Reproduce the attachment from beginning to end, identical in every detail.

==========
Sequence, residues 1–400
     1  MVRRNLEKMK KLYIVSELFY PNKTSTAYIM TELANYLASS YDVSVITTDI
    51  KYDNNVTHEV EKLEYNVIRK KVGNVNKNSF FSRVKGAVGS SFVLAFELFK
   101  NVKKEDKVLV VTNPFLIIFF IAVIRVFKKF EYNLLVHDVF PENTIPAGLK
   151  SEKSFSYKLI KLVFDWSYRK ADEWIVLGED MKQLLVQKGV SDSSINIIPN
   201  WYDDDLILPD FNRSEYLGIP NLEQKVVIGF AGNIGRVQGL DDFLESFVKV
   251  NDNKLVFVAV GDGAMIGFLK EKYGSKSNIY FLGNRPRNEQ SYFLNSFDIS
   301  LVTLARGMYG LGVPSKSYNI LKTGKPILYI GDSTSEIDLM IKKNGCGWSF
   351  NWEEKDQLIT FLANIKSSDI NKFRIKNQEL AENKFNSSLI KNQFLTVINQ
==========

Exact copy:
Sequence, residues 1–400
     1  MVRRNLEKMK KLYIVSELFY PNKTSTAYIM TELANYLASS YDVSVITTDI
    51  KYDNNVTHEV EKLEYNVIRK KVGNVNKNSF FSRVKGAVGS SFVLAFELFK
   101  NVKKEDKVLV VTNPFLIIFF IAVIRVFKKF EYNLLVHDVF PENTIPAGLK
   151  SEKSFSYKLI KLVFDWSYRK ADEWIVLGED MKQLLVQKGV SDSSINIIPN
   201  WYDDDLILPD FNRSEYLGIP NLEQKVVIGF AGNIGRVQGL DDFLESFVKV
   251  NDNKLVFVAV GDGAMIGFLK EKYGSKSNIY FLGNRPRNEQ SYFLNSFDIS
   301  LVTLARGMYG LGVPSKSYNI LKTGKPILYI GDSTSEIDLM IKKNGCGWSF
   351  NWEEKDQLIT FLANIKSSDI NKFRIKNQEL AENKFNSSLI KNQFLTVINQ